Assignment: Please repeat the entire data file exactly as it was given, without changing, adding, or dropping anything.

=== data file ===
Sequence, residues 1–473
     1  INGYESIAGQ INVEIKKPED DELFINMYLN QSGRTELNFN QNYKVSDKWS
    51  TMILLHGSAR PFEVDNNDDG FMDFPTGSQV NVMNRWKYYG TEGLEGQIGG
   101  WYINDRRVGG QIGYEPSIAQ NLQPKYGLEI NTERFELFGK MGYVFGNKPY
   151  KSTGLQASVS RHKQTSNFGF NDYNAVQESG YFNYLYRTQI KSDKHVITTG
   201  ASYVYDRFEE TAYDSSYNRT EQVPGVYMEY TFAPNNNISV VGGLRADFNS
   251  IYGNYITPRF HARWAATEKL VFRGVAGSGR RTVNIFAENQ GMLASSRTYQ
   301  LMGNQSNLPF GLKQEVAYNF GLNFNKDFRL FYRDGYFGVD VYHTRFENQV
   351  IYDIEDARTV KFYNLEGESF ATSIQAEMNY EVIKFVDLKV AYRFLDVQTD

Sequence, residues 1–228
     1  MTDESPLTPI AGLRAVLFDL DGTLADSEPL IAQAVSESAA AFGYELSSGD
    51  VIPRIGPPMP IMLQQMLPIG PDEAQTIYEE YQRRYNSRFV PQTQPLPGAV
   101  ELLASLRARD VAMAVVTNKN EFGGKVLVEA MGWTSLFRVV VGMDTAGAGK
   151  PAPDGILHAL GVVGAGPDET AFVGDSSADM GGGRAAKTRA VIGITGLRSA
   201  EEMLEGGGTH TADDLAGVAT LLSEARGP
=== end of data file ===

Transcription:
Sequence, residues 1–473
     1  INGYESIAGQ INVEIKKPED DELFINMYLN QSGRTELNFN QNYKVSDKWS
    51  TMILLHGSAR PFEVDNNDDG FMDFPTGSQV NVMNRWKYYG TEGLEGQIGG
   101  WYINDRRVGG QIGYEPSIAQ NLQPKYGLEI NTERFELFGK MGYVFGNKPY
   151  KSTGLQASVS RHKQTSNFGF NDYNAVQESG YFNYLYRTQI KSDKHVITTG
   201  ASYVYDRFEE TAYDSSYNRT EQVPGVYMEY TFAPNNNISV VGGLRADFNS
   251  IYGNYITPRF HARWAATEKL VFRGVAGSGR RTVNIFAENQ GMLASSRTYQ
   301  LMGNQSNLPF GLKQEVAYNF GLNFNKDFRL FYRDGYFGVD VYHTRFENQV
   351  IYDIEDARTV KFYNLEGESF ATSIQAEMNY EVIKFVDLKV AYRFLDVQTD

Sequence, residues 1–228
     1  MTDESPLTPI AGLRAVLFDL DGTLADSEPL IAQAVSESAA AFGYELSSGD
    51  VIPRIGPPMP IMLQQMLPIG PDEAQTIYEE YQRRYNSRFV PQTQPLPGAV
   101  ELLASLRARD VAMAVVTNKN EFGGKVLVEA MGWTSLFRVV VGMDTAGAGK
   151  PAPDGILHAL GVVGAGPDET AFVGDSSADM GGGRAAKTRA VIGITGLRSA
   201  EEMLEGGGTH TADDLAGVAT LLSEARGP